In some real way, the things we count as valuable (values that are worthy or worthwhile) stand at the core of our being.  They direct our thoughts, inspire our desires, prioritize our wants and needs, precipitate our actions and behaviors, and impact our relationships with other people and with the world, affecting the world through us in ways, at times, we could never imagine.  Indeed, it is hard to imagine living at all without holding something precious in our hearts. 

I was thinking about this sort of thing the morning my dad died; and it occurred to me, as I have mentioned, that grief is something universal, and very human.  And as the week progressed, I came into contact with sympathy, compassion, empathy, kindness, love, encouragement, hope, faith, some joy, yes, mingled with the tears, and so many things of like nature I could not possibly list them all.  All of these things are universally understood, and have always been understood by people everywhere.   And in the midst of my ruminations I discovered many valuable things – core values if you will – very human values worth living for, and to some extent even worth dying for.

            What are values?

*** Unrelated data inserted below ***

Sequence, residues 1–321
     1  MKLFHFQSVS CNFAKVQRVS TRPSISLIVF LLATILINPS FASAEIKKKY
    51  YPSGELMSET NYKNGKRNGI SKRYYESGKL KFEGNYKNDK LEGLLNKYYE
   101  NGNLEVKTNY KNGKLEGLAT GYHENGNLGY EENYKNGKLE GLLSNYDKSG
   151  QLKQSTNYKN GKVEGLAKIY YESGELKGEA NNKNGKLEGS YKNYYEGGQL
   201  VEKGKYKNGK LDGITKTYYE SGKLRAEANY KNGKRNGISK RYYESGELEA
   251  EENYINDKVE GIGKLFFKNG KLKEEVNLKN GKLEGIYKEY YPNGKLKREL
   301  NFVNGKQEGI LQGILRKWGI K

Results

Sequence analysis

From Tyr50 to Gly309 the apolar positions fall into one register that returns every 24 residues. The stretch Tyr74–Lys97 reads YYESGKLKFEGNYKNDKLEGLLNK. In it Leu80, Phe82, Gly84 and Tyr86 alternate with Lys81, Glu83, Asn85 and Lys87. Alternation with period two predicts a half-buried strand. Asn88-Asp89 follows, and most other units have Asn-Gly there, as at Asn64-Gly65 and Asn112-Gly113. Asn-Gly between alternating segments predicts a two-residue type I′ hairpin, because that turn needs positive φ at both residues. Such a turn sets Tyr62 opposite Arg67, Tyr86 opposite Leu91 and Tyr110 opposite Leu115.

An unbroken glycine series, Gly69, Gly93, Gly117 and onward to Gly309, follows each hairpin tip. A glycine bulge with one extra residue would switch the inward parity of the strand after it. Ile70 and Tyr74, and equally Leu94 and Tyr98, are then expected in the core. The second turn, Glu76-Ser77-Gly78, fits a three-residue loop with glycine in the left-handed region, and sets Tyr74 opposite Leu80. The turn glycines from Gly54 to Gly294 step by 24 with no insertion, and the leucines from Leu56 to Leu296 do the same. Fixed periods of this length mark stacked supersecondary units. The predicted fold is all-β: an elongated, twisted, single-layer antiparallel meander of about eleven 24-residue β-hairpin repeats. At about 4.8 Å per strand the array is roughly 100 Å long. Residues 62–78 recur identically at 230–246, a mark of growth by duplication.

They are the warp and woof of what makes us human and the better we apprehend them and live them, the more we will live a life worth living.

Perfectly Natural Values 

The first thing to understand about human values is they are natural, like building blocks built into our human system, and in that sense one might even (unfairly, I believe) call them “instinctive.”  That is to say, they are not notions or concepts such as a philosopher might infer from life and neither are they the kind of thing that a teacher might be required to teach.  They are part of who we are as human beings, foundational to our humanity, able to be understood across cultures, across languages, across any other artificial barriers that presently separate people. 

Even animals are able to understand some basic values such as a dog being easily able to distinguish between cruelty and kindness.  Many a dog has turned on a cruel master or sacrificed itself for a master filled with loving kindness.  Dogs are also loyal, cats are fastidious, horses are willing to work and pigs are not nearly as stupid as they appear.  Yet it is in the human species alone that we have both the ability to attribute value to things and the ability to discover – or a better word: recognize – the inherent (natural) values of life.